Statement of Joseph Henry, first Secretary of the Smithsonian Institution, in reference to Lorin Blodget, Assistant in charge of Meteorology, mid-February 1855. In the statement, Henry discusses Bloget's time spent working for the Smithsonian's meteorology department. He details the rise in his salary as his work improved, and the beginning of undesirable circumstances surrounding his employment at the Smithsonian. Henry discusses the collection of materials by Blodget, and his taking credit for work done under the Smithsonian name. He then details the reason for the dismissal of Blodget from his position, due in part to his refusal to follow directions, but as a sum of a number of things.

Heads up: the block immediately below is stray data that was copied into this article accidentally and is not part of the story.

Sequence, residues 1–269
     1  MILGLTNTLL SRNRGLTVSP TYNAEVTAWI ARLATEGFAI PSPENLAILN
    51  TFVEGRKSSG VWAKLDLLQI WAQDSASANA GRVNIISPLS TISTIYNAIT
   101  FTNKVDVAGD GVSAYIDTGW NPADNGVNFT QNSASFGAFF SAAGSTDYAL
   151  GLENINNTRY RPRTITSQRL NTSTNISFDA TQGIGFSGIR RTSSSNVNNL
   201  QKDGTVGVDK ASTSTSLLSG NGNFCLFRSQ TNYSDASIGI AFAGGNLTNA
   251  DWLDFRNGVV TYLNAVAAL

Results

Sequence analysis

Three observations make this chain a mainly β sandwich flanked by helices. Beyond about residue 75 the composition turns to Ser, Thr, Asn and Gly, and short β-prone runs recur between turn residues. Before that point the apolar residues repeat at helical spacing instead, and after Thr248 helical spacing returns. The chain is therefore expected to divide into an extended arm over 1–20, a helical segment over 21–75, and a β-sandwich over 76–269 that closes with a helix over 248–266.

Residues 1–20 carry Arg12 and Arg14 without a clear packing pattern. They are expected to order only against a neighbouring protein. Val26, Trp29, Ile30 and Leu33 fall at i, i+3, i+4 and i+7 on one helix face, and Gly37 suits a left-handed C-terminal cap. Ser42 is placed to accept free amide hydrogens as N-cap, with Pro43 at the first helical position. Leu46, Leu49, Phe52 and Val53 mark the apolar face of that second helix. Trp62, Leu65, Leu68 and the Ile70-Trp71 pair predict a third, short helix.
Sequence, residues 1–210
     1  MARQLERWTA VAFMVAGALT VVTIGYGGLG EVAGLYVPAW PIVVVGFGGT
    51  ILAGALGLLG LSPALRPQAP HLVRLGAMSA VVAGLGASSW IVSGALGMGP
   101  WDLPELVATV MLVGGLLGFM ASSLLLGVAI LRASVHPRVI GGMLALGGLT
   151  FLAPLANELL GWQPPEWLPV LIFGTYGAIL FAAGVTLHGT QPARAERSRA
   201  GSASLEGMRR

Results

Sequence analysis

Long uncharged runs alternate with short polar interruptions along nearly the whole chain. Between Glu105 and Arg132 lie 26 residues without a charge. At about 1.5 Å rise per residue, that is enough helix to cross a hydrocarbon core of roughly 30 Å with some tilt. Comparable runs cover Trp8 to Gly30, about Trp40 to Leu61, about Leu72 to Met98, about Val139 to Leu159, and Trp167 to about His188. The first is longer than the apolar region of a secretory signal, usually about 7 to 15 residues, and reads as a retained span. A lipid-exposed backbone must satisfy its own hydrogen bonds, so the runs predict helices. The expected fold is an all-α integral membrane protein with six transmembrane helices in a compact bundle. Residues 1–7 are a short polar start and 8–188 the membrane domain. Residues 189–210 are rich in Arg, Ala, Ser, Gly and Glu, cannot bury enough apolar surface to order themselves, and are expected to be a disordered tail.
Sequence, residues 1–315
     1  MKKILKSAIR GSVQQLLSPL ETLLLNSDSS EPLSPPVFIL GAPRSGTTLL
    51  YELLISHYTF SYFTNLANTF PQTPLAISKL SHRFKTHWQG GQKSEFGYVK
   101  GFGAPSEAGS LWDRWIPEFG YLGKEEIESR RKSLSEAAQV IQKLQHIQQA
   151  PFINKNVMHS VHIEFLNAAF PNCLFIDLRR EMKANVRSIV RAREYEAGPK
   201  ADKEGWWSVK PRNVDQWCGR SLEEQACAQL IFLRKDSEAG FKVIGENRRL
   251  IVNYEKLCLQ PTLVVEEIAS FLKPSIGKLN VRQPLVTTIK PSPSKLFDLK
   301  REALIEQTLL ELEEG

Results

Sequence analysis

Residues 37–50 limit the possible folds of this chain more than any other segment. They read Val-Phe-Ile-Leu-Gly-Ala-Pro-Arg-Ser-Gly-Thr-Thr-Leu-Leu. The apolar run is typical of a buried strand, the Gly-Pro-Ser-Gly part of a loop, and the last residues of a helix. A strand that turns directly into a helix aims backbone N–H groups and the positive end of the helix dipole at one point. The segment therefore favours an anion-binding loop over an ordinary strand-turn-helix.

Acting under legal counsel, Joseph Henry discharged Lorin Blodget on October 11, 1854, by locking him out of his office. Blodget had been hired in December 1851 to reduce the meteorological data collected by the Smithsonian and to conduct the institution's correspondence with its volunteer weather observers. At the 1853 meeting of the American Association for the Advancement of Science, Blodget had presented three papers that, in Henry's opinion, failed to give the Smithsonian due credit for providing the data Blodget had analyzed. When informed of his dismissal, Blodget refused to turn over a list of the Smithsonian's meteorological observers and his record of correspondence with them. Blodget would go on to publish a meteorological report for the Surgeon General's Office of the Army containing data for which, Henry insisted, the Smithsonian and its observers should have be credited.